EPA found that applying these statutory thresholds to CO2, however, would sweep tens of thousands of sources into the PSD and Title V permitting programs for the first time and at a cost of billions of dollars. In order to avoid this “absurd” result, EPA subsequently issued the “Tailoring Rule,” which revised upwards the statute’s numerical permitting thresholds for stationary-source GHG emissions. The Tailoring Rule also provided a multi-step phase-in approach during which stationary sources would become subject to the PSD and Title V requirements. Critically, during Step 1 of the phase-in, a source would not become newly subject to permitting requirements based solely on its GHG emissions until July 1, 2011. However, sources required to obtain permits anyway because of their emission of non-GHG pollutants (what the Supreme Court called “anyway sources”) would be required to comply with BACT requirements for GHGs if its emissions were to exceed a certain level.
Several state coalitions, industry trade associations and public interest groups challenged EPA’s GHG rulemaking in the D.C. Circuit Court of Appeals. These challenges raised three broad issues: (1) the scientific basis for EPA’s Endangerment Finding, (2) the legal bases for the Timing Rule and the Tailoring Rule, and (3) EPA’s decision to promulgate motor-vehicle emission standards under Section 202(a) despite the Agency’s conclusion that doing so would trigger costly stationary-source regulation. The D.C. Circuit rejected the petitioners’ challenges and upheld all aspects of EPA’s GHG rulemaking. After the D.C. Circuit denied rehearing en banc, nine separate petitions for writ of certiorari were filed in the Supreme Court seeking review of various aspects of EPA’s GHG rulemaking and the D.C. Circuit’s decision.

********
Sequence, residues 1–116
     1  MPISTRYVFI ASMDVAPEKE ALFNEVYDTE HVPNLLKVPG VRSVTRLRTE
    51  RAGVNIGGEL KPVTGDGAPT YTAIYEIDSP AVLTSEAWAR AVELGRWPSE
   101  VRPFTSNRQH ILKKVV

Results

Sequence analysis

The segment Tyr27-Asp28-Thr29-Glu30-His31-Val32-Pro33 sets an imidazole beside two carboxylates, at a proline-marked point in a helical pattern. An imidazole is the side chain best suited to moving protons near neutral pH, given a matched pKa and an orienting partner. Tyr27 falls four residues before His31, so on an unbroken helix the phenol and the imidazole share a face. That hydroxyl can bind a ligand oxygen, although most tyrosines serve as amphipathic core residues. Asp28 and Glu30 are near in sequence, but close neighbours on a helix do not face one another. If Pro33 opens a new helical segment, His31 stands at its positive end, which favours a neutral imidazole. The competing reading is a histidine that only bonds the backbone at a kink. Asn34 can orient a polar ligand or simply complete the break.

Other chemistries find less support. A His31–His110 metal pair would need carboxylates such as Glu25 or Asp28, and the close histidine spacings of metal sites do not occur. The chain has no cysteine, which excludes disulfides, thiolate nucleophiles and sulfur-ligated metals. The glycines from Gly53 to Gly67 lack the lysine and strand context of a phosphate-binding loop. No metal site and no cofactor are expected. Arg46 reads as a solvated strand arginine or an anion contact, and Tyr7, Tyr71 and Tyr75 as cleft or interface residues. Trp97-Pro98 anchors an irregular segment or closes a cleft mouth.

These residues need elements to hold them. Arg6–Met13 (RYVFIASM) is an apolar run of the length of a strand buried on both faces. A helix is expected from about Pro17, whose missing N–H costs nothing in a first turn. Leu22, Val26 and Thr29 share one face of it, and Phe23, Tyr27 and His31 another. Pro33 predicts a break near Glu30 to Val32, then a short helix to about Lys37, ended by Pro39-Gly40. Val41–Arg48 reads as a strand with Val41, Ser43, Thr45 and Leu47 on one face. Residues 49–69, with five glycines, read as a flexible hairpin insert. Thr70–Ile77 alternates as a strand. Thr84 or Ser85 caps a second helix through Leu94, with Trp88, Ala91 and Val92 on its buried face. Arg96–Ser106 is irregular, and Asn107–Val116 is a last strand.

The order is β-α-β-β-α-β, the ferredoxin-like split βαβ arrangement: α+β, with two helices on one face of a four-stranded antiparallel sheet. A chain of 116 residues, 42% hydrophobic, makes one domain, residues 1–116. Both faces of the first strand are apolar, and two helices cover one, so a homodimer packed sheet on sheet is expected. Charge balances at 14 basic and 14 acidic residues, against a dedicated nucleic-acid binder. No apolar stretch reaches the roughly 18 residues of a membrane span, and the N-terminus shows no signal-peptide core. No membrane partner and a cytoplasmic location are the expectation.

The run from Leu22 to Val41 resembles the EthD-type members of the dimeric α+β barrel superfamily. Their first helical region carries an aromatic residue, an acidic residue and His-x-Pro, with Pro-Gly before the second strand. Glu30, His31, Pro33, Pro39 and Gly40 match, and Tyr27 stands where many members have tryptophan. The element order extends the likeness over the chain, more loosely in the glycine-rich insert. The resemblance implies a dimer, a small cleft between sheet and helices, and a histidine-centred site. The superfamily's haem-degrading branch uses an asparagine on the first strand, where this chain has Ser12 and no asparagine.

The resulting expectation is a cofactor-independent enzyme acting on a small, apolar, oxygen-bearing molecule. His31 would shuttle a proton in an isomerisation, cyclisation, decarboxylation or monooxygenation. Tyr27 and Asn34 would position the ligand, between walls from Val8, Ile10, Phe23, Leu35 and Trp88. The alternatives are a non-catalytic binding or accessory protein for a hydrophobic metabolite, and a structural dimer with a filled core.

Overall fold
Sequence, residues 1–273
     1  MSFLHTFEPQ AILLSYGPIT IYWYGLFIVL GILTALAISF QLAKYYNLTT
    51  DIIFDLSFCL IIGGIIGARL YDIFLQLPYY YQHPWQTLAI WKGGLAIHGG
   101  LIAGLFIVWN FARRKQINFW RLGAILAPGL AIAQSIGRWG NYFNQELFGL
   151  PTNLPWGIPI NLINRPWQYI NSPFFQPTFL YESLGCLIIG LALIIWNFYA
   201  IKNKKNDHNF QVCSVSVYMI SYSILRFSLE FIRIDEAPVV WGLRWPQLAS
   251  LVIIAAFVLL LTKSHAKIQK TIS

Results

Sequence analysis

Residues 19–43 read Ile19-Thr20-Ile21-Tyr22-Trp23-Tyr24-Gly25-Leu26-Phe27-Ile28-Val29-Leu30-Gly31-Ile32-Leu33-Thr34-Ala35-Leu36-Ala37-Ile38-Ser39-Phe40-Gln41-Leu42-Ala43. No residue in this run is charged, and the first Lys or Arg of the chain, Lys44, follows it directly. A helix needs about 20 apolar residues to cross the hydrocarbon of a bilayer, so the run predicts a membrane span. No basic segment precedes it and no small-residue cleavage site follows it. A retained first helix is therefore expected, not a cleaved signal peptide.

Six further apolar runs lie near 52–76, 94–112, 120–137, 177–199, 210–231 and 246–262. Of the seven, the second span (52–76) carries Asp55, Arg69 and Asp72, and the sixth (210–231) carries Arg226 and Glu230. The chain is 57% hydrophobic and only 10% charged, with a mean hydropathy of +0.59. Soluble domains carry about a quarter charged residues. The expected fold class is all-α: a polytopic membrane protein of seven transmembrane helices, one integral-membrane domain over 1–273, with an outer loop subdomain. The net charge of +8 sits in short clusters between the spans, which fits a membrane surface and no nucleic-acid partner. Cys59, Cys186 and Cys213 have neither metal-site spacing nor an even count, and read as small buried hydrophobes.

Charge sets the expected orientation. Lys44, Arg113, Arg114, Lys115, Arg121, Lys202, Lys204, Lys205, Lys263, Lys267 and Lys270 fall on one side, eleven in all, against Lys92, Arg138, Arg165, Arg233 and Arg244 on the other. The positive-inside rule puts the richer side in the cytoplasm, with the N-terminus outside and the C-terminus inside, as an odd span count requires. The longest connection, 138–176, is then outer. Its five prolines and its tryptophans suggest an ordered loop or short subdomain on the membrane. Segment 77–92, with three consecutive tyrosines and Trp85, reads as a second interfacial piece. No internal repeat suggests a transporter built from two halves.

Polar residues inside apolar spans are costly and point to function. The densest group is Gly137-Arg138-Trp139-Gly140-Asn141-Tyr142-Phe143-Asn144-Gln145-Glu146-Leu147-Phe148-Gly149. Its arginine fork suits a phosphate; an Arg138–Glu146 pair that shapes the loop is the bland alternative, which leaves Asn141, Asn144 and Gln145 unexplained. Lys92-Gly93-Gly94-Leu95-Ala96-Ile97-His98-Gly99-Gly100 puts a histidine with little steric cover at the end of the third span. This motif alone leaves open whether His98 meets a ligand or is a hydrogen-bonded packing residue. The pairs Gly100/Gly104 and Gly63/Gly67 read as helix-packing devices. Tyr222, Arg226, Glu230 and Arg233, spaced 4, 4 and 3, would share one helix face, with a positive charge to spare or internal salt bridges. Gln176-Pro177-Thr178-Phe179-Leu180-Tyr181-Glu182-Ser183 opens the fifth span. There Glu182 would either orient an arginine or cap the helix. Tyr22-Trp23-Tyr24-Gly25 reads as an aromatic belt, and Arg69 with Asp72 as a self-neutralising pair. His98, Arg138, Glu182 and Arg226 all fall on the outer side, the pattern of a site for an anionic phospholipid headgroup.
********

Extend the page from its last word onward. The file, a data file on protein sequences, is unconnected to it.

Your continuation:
The Supreme Court granted certiorari on the limited question of “[w]hether EPA permissibly determined that its regulation of greenhouse gas emissions from new motor vehicles triggered permitting requirements under the Clean Air Act for stationary sources that emit greenhouse gases.” In answering this question, the Court recognized it was faced with “two distinct challenges to EPA’s stance on greenhouse-gas permitting for stationary sources.” First, the Court addressed whether EPA permissibly determined that a stationary source may be subject to PSD and Title V permitting requirements “on the sole basis of the source’s potential to emit greenhouse gases.” Second, the Court decided “whether EPA permissibly determined that a source already subject to the PSD program because of its emission of conventional pollutants (an ‘anyway’ source) may be required to limit its [GHG] emissions by employing the ‘best available control technology’ for [GHGs].”
The Court held that EPA impermissibly determined that it could require a stationary source to obtain a PSD or Title V permit based solely on its potential GHG emissions.